Case helped create Ada after struggling to diversify the engineering team at EnergySavvy. The company was so homogeneous that its first 12 engineers were all men; four were named Dan. He tried recruiting from farther-flung Northwest cities, posting on Craigslist in Boise and Eugene. He tapped bootcamp grads, but found their training insufficient. Taking inspiration from San Francisco’s Hackbright boot camp and the Year Up program, Case formed Ada along with entrepreneur Elise Worthy and Susannah Malarkey, former head of the Technology Alliance.
“It’s an amazing program,” he said. “I’m thrilled with what it has become. It’s so awesome and inspiring to be around it.”
Case recently stepped back from being chair of the Ada board to serving as a board member.
In addition to his role at the UW, he’s also incubating his own startup. While Case doesn’t imagine creating a new EV or a breakthrough in battery chemistry, he aims to be “in that ecosystem somewhere,” he said. “Getting great at batteries is going to be such an important thing for the world.”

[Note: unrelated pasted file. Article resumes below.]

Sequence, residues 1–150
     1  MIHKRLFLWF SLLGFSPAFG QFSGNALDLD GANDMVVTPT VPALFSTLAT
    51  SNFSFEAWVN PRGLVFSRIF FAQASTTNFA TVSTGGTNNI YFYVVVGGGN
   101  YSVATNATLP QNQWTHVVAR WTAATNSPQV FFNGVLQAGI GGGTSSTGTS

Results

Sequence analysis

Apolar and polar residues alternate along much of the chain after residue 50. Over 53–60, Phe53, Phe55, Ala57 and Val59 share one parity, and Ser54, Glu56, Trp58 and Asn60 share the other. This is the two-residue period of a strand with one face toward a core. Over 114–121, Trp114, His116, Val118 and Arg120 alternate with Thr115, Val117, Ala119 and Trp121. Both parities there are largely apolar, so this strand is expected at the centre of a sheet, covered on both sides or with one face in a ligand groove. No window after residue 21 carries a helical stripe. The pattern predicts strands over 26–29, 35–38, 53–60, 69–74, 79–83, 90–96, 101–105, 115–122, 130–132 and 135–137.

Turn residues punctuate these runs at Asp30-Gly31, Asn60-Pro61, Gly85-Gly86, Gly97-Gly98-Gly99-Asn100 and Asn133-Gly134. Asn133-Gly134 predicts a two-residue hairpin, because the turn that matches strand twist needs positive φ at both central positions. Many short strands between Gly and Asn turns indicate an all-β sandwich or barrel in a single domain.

We caught up with Case for this Working Geek, a regular GeekWire feature. Continue reading for his answers to our questionnaire.
Current location: Seattle
Computer types: Lenovo Thinkpad X1 Carbon. I just can’t abide by Excel on the Mac.
Mobile devices: A hand-me-down iPhone from my mom. I’m not an enthusiastic early adopter of consumer electronics. But my parents still are, so I get a regular supply of free i-devices from them.
Favorite apps, cloud services and software tools: Any.do for all my to do lists. LastPass so I don’t have to deal with passwords any more. OneBusAway to tell me when my Metro chariots will scoop me up.
Describe your workspace. Why does it work for you? I don’t have a consistent workspace, being between companies. Most of the time right now I’m on the UW campus at the Washington Clean Energy Testbeds or meeting with PhD students in chemical engineering and other clean tech fields.